Our newest feature here at Scene Point Blank is our semi-daily quickie Q&A: One Question Interviews. Follow us at facebook or twitter and we'll post one interview every Monday-Thursday. Well, sometimes we miss a day, but it will be four each week regardless.
After our social media followers get the first word, we'll later post a wrap-up here at the site and archive 'em here. This week check out Q&As with Magic Bullet Records, Melissa B, Tortoise and Silver Snakes.
Brent Eyestone (Magic Bullet Records, Highness, Bleach Everything)
SPB: Who is your favorite current band to see live?
Brent: For the last 13 years, my absolute favorite band to see live is Sigur Rós, without question. I've seen them 38 times all around the world and their performances have always put me in a headspace that I've genuinely never felt elsewhere in life. In fact, I brought my dad the last time I saw them and remember asking him, "Does this change the way you think about music?" He non-jokingly responded that it was changing the way he thought about life! Afterward, he demanded that we go with my brother and mom next time and that we all "biochemically alter" ourselves in advance. On the drive back, we were able to openly and candidly talk about things we've never discussed together in my 37 years on the planet.
I've often seen them play over 3 hours at a time and have it feel like 10 minutes because they are absolutely the best in writing set lists and knowing how to ebb and flow in a manner that is constantly engaging. There was even a time where myself and my girlfriend of the time hopped a train in DC up to NYC to see them play one single song on that crappy Carson Daly show (when it was filmed out of 30 Rock and he was trying to be some man's man bro-dude instead of some pallid non-prescription glasses-wearing indie blog dork to fit modern trends). We got off the train, walked over to 30 Rock, endured and suffered through Daly and Tom Sizemore trying to throw footballs through tires for over an hour on camera (seriously), and finally had respite when Sigur Rós took the stage and played "Vaka." Just the one song. We got right back on the train to DC and went straight to the bedroom, not even once thinking it wasn't worth the effort.
Bless those spritely Icelandic geniuses. Life wouldn't feel nearly as full without them.
SPB: You work as a network engineer. Are there many musicians or artists within your field/Are there many creative-types?
Melissa: I find that there are a lot of people in the technology field that are truly musically inclined. I happen to work with several people that actually are in bands or have been working on Broadway.
There are some creative type of people like one person I worked with has been a writer and [is] actually in the middle of writing a new novel. I also have a friend whom I work with that basically plays drums and guitar as well. Music and math mesh well together that's why there are so many of us in music. We see beyond what is truly there looking outside the box.
Bundy K. Brown (ex-Tortoise)
SPB: What is the weirdest description you’ve heard of your music? Do you think it had some accuracy or could you see where the reviewer came up with it?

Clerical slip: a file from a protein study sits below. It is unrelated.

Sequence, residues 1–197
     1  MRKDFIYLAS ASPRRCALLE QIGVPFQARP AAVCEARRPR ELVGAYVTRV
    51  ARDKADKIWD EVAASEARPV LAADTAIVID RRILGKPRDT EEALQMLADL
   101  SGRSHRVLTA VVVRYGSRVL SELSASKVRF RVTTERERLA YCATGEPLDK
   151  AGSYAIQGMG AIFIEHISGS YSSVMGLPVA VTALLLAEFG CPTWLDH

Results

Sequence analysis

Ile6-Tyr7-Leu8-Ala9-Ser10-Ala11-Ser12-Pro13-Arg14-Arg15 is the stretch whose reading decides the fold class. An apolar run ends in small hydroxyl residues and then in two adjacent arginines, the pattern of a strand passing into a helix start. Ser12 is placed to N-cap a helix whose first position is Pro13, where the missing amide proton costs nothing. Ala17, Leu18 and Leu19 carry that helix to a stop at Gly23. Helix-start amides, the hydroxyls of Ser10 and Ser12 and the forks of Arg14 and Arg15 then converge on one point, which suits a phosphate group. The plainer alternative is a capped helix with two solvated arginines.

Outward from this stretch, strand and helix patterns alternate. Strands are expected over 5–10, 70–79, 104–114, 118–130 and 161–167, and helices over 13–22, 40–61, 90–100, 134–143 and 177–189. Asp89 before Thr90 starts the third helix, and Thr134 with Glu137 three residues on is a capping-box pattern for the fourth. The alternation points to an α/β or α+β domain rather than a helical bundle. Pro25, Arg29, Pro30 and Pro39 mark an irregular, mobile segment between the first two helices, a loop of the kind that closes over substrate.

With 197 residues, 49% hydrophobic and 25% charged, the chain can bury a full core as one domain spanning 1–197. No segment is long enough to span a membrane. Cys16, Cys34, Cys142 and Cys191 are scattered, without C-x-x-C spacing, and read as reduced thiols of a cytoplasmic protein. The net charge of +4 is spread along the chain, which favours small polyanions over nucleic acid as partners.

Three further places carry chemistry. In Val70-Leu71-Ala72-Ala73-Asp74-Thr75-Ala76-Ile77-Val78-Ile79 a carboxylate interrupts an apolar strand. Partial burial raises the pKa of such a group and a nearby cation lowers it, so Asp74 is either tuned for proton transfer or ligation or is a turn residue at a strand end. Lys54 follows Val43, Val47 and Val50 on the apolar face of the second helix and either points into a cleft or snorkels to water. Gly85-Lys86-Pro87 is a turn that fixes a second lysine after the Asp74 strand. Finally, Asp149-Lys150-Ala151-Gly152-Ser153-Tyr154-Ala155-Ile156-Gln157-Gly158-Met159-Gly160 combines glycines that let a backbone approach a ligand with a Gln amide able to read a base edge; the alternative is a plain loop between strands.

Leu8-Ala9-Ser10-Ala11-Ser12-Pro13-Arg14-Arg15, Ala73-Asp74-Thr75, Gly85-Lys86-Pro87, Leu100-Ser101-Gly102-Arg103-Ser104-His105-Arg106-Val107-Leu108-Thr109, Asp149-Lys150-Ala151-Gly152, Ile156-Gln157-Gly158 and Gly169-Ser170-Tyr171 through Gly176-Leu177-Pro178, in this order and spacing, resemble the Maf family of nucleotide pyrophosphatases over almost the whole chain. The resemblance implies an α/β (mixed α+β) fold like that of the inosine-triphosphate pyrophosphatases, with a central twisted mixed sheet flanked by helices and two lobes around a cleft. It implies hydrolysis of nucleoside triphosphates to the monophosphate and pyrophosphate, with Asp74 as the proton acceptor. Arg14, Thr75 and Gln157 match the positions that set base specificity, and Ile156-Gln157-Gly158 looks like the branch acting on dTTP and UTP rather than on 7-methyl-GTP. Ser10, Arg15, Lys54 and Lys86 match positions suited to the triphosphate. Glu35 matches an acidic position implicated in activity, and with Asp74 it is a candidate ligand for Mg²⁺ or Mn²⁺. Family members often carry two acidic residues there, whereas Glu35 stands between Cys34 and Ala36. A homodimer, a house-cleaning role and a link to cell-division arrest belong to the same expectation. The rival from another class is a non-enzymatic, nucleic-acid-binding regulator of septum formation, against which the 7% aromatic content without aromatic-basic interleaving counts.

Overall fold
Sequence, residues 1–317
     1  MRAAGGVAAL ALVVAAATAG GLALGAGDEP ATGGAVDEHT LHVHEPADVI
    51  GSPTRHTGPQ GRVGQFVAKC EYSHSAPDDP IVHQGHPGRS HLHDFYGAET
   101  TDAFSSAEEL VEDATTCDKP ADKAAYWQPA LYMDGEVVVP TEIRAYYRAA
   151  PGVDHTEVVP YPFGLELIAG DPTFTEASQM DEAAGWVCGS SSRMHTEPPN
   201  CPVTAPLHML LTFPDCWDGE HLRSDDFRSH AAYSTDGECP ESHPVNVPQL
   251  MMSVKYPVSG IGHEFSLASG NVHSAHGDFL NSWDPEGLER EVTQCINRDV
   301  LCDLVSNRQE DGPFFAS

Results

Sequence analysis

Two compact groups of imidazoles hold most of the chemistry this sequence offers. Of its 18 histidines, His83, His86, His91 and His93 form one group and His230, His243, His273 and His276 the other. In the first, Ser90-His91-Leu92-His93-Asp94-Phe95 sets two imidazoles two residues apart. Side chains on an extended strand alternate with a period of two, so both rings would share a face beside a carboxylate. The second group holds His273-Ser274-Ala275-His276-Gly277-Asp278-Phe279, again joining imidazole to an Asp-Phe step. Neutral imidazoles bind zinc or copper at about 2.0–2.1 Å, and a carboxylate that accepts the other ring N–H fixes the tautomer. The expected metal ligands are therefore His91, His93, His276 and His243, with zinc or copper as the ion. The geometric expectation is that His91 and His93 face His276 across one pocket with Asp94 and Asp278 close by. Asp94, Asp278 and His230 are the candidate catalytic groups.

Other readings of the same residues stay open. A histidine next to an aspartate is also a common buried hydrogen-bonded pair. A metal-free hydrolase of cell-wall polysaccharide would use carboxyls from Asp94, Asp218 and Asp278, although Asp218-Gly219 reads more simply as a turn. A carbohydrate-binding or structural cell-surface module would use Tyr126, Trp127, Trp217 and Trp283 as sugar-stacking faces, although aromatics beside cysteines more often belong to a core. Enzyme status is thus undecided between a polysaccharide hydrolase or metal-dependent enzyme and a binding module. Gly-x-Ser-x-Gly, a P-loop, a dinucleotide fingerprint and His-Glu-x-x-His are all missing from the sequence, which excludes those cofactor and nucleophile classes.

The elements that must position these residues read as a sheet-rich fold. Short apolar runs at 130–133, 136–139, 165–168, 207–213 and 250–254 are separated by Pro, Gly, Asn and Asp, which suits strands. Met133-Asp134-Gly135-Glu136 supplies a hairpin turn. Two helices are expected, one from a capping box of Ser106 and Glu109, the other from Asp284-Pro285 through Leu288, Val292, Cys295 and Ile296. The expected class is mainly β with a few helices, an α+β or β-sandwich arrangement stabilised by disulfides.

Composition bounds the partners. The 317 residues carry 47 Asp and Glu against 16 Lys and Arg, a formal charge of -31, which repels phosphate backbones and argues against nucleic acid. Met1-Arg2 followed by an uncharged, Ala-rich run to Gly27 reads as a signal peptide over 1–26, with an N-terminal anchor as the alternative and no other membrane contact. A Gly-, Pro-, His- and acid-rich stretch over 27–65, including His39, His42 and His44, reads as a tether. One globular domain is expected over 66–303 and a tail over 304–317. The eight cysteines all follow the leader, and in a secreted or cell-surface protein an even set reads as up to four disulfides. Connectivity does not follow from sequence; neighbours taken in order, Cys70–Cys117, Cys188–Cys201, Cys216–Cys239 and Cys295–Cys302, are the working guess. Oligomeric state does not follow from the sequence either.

Bundy: Whew. A decent answer to that question would require my brain to be filled with a lot less information than it typically is these days...you know: what's for dinner tomorrow, son's soccer schedule, odd work-related deadlines, half a dozen random shopping lists, etc.
I am quite certain at some point someone leveled a description against my music that I felt was not just weird, but inappropriate or deeply misinformed (though in truth, I don't feel like I ever really got much press). And no matter how out there it was, it was not so egregious that I have carried it around with me. I think that has more or less left me without a real answer to your question. I tend to wear my influences on my sleeve, and have never shied away from co-opting/regurgitating someone else's good (and occasionally bad) ideas, not to mention the fact that, musically, I haven't really demonstrated much growth or evolution, so what would be weird to me is if someone did not notice that obviousness. And in my outlook, I can wax towards relativism too strongly at times, so no matter how off the mark someone's critique may have seemed at the time, at worst, I probably just dismissed it as "everyone's entitled to their own opinion."
Well, actually in hindsight, I may have gotten wound up about something like that once or twice, but it probably manifested itself as me muttering to myself about it when no one else is around, or perhaps a small outburst among folks who I felt could withstand a tirade. Wait...scratch all that. A long time ago Mitch Myers wrote what was ultimately a very favorable piece about Pullman for the New City, but he framed it in this kind of historical fiction that just didn't make any sense. So what he said wasn't weird, but how he said it was. Does that count?
Alex (Silver Snakes)
SPB: Who was your favorite band that you discovered on your last tour?
Alex: My favorite band I discovered on our last tour is Third Seven. We were playing our last show with HRVRD at The Launchpad in Albuquerque, NM and I was captivated by the music playing over the PA after sound check. Layers of cello, rhythmic and haunting vocals, all the things I love. I asked the sound guy about it and he pulled out a burned cd that said "Cascadia"--turns out it was the title of the release. I did some research and found out it was a one man band under the name Third Seven. I bought the record online and marked my calendar for Oct 9th, the day he was playing a bar in Los Angeles. He put on an incredible show and he actually knew about our band! I'm hoping to play shows with him in the future.
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